Despite Stark going full logical to prove that the hotel we stayed in wasn’t even built until over a decade later, part of me believed that maybe it was rebuilt. Maybe it existed somewhere else. Without my explaining anything, my dad spoke about the sculptures, the New York Grill at the top of the hotel, the jazz singers… everything!
The likelihood we walked even the same streets of Tokyo between the 1980’s and today is next to impossible. Things change. Popular places change. The city grows and moves. I tried to think nothing more of it.
Then, without planning, we found ourselves in Kyoto. For one evening, we did all of Kyoto’s top tourist his between sunset and 10pm. The golden shrine was amazing as the sun set off of its bright corners, and the Inari shrine is phenomenal and personal when exploring after dark.
It was at the golden pagoda that we stopped at the first gift shop and with a smile I ran my hands across some silk wallets and small purses. “Ohhhh this has memories,” I said do Stark. “I still have that yellow and blue one there in the closet back home, but this wallet. I swear I had a little silk wallet like this and matching stationary as a kid.” By then, I wasn’t sure he was listening because I found myself trailing off, huddling around the corner where I found the perfect little coin purse to mark the memory.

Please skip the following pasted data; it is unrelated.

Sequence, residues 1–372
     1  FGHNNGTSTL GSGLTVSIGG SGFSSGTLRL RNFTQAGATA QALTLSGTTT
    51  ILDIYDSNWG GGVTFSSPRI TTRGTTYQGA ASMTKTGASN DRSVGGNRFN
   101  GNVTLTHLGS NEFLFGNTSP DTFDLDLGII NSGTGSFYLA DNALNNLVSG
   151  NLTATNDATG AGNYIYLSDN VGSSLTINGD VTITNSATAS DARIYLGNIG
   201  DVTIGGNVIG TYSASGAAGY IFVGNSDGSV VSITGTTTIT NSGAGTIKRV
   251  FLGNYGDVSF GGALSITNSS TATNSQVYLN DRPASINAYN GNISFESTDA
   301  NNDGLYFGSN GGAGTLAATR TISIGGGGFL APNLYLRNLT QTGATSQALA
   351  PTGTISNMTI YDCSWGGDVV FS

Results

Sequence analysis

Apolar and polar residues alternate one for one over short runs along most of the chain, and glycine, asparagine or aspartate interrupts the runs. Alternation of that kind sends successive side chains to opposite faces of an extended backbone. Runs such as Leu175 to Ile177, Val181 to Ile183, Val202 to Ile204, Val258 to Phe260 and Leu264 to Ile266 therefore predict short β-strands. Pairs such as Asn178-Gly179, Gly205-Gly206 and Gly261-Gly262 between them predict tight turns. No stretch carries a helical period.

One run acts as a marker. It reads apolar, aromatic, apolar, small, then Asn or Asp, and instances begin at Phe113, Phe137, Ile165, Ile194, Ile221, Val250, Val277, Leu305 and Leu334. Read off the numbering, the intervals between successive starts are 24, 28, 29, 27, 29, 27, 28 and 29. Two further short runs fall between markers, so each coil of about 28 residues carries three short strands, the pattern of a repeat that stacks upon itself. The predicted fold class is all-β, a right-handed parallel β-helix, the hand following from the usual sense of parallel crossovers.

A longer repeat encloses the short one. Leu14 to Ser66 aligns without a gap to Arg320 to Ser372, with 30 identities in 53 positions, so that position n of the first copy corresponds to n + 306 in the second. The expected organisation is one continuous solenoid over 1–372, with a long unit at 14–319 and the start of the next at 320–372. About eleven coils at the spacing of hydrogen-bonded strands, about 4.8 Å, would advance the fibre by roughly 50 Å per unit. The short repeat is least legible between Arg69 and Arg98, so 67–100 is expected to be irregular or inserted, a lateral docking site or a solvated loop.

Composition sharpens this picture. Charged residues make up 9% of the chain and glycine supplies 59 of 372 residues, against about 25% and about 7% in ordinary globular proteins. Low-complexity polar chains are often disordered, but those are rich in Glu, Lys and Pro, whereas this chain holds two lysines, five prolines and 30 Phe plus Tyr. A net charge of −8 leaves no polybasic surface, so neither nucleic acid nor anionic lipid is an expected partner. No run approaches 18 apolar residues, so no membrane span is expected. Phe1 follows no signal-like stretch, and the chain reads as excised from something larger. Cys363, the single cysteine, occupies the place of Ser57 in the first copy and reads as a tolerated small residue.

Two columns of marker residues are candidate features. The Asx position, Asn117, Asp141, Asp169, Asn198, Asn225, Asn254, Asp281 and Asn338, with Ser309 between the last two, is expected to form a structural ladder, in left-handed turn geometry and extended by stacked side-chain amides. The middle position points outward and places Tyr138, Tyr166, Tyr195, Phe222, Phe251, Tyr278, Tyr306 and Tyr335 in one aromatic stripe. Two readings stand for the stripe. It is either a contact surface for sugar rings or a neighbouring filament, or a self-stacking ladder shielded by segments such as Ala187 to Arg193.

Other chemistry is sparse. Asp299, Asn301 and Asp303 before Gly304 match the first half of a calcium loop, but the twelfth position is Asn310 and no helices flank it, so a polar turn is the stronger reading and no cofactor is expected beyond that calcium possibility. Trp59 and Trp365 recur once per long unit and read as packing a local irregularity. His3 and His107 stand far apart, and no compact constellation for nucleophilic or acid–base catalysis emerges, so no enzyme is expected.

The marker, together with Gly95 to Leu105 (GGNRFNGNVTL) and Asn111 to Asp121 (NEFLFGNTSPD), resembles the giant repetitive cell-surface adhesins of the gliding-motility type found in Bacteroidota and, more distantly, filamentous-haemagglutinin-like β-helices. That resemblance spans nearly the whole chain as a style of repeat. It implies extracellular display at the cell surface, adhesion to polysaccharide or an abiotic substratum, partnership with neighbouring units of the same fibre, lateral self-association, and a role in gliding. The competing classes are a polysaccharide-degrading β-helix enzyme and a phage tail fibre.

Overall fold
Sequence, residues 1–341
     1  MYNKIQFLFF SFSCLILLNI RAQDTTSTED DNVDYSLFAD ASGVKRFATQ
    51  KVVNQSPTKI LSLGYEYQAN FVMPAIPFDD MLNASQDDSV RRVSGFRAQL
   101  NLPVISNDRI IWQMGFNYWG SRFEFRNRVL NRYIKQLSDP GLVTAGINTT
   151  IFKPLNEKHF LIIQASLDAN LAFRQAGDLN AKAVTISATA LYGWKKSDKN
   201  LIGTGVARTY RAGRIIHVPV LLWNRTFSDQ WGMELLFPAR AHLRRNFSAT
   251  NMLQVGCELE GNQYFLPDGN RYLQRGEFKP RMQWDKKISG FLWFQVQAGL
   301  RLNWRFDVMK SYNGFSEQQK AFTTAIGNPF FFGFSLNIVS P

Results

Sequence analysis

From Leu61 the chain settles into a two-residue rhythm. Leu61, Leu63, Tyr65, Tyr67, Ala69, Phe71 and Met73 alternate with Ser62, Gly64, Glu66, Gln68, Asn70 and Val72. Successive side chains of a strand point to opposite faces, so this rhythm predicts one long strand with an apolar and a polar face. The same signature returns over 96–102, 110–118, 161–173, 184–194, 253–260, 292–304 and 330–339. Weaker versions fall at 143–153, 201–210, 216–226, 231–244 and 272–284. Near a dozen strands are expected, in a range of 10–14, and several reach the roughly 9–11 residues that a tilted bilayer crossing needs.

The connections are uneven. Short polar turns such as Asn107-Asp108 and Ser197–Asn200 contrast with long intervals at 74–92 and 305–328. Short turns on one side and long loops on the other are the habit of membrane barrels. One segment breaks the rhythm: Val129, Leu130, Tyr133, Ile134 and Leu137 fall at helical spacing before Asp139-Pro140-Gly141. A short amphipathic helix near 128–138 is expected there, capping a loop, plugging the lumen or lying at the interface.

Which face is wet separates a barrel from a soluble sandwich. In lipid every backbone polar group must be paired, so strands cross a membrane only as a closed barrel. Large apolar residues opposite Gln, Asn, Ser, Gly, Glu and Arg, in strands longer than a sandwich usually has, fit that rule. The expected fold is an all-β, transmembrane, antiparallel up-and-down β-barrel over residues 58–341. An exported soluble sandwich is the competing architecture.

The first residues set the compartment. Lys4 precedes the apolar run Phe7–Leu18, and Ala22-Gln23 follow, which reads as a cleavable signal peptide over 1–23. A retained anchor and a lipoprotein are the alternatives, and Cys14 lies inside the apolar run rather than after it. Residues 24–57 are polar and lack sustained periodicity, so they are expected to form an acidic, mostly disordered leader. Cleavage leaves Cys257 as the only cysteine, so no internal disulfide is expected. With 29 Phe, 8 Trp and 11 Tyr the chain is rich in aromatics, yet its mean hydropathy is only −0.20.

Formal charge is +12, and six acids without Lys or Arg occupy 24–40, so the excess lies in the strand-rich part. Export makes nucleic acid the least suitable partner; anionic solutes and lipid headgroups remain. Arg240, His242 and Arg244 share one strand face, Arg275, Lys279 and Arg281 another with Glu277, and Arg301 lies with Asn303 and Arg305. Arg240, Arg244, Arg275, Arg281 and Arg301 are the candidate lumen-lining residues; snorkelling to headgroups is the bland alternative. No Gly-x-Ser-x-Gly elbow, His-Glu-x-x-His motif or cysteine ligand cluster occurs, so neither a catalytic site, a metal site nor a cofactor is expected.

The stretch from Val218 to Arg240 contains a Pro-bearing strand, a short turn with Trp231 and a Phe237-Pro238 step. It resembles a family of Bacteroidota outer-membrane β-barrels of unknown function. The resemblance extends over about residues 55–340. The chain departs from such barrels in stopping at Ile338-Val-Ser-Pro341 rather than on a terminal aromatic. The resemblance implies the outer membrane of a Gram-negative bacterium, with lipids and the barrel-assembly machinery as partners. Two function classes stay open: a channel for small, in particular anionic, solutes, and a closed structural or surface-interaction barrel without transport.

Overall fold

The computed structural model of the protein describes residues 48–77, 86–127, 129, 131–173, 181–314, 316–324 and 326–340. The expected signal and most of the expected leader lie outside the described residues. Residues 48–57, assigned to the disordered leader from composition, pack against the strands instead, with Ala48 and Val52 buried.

I’m not one for purchasing souvenirs or getting too excited about gifts. As they say, it simply isn’t my “love language.” But, a coin purse I could justify. Living abroad, coins are all the rage and I always have them floating around. Now I won’t. It was as simple as that, and just happened to have the added perk of briefly reminding me about a distant memory I couldn’t quite fully latch on to.
So, I moved on.
For some reason I stepped into their second, larger gift shop. I’m not even sure if it was my choice to go in or if we had agreed as a group that we needed to find the perfect bookshelf souvenirs for Shaun. Either way, this is where his souvenir was found, and I likely would have never even made it to that wall of the store if Stark and his brother didn’t call me over to ask my opinion.